Training

In truth, our group training has been somewhat hit and miss. On one hand, we’ve sent each other a lot of messages about cycling which has surely done some good. On the other, we haven’t been on any actual rides. Harold and I tried to go for a ride but were beset by two minor issues – he had a slight physical issue in that he’s not been on a bicycle in a year and his legs stopped working almost immediately, I had a slight mechanical issue in that my pedals fell off. Overall it went well.

I have been doing some actual training for this, much as that goes against tradition. I can cautiously say that I’m in the best cycling shape ever, although admittedly this is a particularly low bar to beat. As well as the occasional long weekend ride, I’ve started doing a fair amount of indoor cycling (or, y’know, spin as it’s otherwise known). I was a bit apprehensive about indoor cycling as every class seemed to advertise terrifying promises: ‘pumping beats’, ‘mood lighting’, ‘sense of community’. I had visions of suddenly spending all my time lifting small weights above a bike and getting really into kale.

Thankfully, I found H2 in Soho instead, which has been brilliant. All the bikes are hooked up to power meters, so you can actually track your progress against your own abilities. You also gain the ability to instantly become the most boring person in any given room by talking about power, watts and FTP – handy when you want some alone time at a party or family gathering.

Seriously though, this has made a big difference to my fitness as the classes are taught by knowledgeable coaches who consistently push you. It does translate massively to how you cycle on the road. As an example, I went on a weekend trip to the Alps a couple of weeks ago with the ever excellent Traverse Aravis (who are setting up an alpine cycling club by the way) and was pacing up climbs in half the time it took in 2016. As mentioned before, the bar is low so I’m still not fast, but it’s made a difference at least!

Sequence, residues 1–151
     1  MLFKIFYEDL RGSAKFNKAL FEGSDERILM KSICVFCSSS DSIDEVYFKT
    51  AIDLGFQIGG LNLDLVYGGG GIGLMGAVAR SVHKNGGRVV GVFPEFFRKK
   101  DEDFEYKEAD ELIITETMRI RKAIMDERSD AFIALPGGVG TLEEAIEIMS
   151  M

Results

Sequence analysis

Training has been somewhat curtailed in the last couple of weeks due to my bike being stolen. I’ve tried putting on cycling gear and running to Richmond mimicking a cycling action but it hasn’t really worked, so I’m probably moving into the carb-loading and tapering stage. At 4 weeks out I am hitting this perilously late by my own standards. As I understand, my cycling pals are just getting into their training phases now, so we’ll see whose approach works better on the day.

I suspect neither.

Bonus ride

Given how easy the Etape looks, I thought I’d add a Brucie (RIP) bonus and have a crack at the RideLondon 100, which I’ll be taking on alongside some great people to support SPEAR, a homelessness charity based in West London. Harry and Andrew will be riding the Etape to raise money for Macmillan cancer support.

To skip to the obvious destination of the past few sentences, it’d be eternally appreciated if you would like to sponsor either (or indeed both if you’re feeling particularly generous) of these events and the very worthy causes they’re for!

Asking you to pick between fighting homelessness and fighting cancer feels a bit morally iffy, so to make your life easier, just pick link A or link B if that’s easier. Or if you want to choose one specifically, click wildly and randomly on these links until you find what you’re looking for.

Stay tuned for more tales of ineptitude and poor preparation in the coming weeks…

 

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Cycling the Alps: Tour du Mont Blanc